His face is like a stranger’s. I barely recognise him. His cheeks are hollow, his eyes wet and gaunt. Even his forehead is higher, as if his hair has receded in this one afternoon. I look for the man I loved. What did he look like? I feel like reaching into my pocket to check the photo on my phone.
‘You weren’t going to tell me, were you? You were going to deal with it … you were going to just make that decision …’
‘No!’ I lie indignantly. ‘No!’
Our voices are fogging up the window. A little girl out in the corridor with her father peers up at us with frank interest.
Philip turns away impatiently and walks back to our carriage. He folds his arms and slaps at one unlucky elbow with his hand as he waits for me to go in first. I wriggle in between the knees, saying ‘Scusi! Scusi!’ and Philip tunnels through behind, head down.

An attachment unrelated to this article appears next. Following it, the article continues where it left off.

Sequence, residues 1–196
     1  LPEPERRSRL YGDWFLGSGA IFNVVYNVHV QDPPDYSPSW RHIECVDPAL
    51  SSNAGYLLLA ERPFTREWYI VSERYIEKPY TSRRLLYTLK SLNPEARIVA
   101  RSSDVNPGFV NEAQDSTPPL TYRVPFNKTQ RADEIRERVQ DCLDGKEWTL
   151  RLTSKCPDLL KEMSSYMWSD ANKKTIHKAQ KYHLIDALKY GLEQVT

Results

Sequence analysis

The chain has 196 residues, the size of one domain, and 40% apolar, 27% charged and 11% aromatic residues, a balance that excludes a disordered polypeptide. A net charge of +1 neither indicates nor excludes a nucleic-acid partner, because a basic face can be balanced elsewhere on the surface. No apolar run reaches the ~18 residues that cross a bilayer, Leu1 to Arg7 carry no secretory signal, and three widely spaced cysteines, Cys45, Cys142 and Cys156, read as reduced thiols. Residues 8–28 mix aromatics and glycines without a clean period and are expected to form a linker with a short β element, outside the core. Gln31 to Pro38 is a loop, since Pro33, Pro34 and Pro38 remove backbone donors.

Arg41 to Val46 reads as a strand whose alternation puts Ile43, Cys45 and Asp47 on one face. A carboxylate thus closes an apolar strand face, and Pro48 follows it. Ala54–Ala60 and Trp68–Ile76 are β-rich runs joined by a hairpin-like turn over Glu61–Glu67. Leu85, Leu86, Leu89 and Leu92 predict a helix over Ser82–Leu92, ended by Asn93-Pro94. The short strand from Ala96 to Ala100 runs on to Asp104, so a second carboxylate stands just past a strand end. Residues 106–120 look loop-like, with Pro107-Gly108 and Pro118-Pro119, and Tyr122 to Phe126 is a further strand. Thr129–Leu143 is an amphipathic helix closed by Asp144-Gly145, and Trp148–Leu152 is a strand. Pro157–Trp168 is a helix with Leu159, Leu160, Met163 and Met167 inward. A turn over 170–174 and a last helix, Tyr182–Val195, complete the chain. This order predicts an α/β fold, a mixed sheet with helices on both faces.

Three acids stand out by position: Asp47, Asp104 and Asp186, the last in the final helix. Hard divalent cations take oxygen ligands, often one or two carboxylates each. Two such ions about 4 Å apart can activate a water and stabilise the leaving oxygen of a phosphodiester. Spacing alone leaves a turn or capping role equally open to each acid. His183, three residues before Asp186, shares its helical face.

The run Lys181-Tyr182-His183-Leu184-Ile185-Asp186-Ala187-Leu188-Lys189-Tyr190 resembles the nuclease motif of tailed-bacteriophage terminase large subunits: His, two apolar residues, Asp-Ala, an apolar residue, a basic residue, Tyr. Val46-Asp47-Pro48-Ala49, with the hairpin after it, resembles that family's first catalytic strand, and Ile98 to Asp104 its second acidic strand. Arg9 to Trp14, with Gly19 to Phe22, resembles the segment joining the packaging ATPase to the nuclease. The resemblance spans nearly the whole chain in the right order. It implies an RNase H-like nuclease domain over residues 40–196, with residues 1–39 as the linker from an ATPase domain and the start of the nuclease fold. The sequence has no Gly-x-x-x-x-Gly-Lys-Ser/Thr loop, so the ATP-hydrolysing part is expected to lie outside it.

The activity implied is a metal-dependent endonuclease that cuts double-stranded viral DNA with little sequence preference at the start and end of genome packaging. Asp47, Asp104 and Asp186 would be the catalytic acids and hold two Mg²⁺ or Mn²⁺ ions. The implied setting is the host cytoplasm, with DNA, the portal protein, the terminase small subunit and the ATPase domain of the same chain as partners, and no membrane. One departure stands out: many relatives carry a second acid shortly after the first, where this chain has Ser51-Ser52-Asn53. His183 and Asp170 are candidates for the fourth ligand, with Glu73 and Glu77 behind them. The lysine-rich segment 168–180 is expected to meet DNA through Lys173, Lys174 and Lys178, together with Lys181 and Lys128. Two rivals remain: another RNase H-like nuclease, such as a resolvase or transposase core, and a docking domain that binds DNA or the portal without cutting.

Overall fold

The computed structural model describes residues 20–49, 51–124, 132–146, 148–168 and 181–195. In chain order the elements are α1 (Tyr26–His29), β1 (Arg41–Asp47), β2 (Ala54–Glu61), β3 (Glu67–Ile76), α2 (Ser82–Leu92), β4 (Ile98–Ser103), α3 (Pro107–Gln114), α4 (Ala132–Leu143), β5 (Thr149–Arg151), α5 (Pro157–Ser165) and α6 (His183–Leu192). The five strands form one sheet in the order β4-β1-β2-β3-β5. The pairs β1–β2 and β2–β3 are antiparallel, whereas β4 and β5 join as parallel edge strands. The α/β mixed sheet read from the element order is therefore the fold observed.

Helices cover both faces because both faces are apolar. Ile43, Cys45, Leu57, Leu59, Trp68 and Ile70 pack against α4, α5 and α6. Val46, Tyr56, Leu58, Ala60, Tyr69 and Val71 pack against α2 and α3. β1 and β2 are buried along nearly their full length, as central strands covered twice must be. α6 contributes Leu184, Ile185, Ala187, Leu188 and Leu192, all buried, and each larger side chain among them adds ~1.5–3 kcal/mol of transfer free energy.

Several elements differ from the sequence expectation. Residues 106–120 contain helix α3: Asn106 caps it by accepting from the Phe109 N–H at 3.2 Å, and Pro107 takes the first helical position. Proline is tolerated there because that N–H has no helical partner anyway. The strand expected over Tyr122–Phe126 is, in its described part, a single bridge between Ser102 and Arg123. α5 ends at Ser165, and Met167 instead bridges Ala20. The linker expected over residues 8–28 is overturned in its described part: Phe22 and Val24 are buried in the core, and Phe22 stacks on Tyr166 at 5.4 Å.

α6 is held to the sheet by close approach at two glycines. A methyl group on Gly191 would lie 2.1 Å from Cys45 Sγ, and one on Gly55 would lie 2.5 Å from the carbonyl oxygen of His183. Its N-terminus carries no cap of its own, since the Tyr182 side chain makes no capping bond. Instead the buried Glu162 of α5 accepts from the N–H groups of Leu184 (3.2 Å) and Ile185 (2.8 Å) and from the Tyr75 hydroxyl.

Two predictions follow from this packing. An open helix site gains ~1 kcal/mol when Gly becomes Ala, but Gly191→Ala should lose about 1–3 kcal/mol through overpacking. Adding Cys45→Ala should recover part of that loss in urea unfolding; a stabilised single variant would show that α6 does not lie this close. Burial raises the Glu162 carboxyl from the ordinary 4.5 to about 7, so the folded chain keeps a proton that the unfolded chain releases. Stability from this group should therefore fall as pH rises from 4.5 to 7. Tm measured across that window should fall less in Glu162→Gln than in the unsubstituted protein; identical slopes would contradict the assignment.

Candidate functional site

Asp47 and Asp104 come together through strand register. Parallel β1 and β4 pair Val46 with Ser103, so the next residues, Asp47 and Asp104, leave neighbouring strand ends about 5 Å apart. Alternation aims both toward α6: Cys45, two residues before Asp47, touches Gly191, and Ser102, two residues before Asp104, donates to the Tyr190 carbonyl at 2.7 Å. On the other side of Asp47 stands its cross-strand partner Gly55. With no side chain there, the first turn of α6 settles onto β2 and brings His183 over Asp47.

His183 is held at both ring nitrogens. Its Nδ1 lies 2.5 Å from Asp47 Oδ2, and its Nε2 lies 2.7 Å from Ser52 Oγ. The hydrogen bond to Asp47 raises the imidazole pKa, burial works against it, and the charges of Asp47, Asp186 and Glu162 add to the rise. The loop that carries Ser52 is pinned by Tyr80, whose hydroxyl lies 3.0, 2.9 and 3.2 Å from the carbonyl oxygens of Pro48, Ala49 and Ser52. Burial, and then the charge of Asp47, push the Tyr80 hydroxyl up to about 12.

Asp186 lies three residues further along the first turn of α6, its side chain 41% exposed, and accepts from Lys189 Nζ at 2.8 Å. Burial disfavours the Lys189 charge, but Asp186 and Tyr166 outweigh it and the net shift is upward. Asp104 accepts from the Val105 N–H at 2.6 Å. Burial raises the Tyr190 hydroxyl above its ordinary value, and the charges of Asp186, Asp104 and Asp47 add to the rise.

Outside there is a river, wide, rocky, shallow but fast. No-one else looks out the window. Across from me the gold-chain woman reads an analysis of the Divine Comedy. Next to her a man reads Stephen King and next to him the young man who has whinged ever since he got on stabs at some game on his phone, twisting and exhaling loudly. He struck up a conversation with the woman next to Philip when he got on. When she came back from her first break he leaned over and they whispered together about it before he too went out, bringing back to the carriage the dirty smell of cigarette.
The train stops for 15 endless minutes in Naples, Philip’s hand avoiding mine. The Stephen King man stands up, forcing our knees together for one burning moment. The young whinging man is replaced by a man with a laptop who sits and bashes the keys as he waits for his internet connection. I read the same page of my book over and over until the train jolts forward and the platform recedes.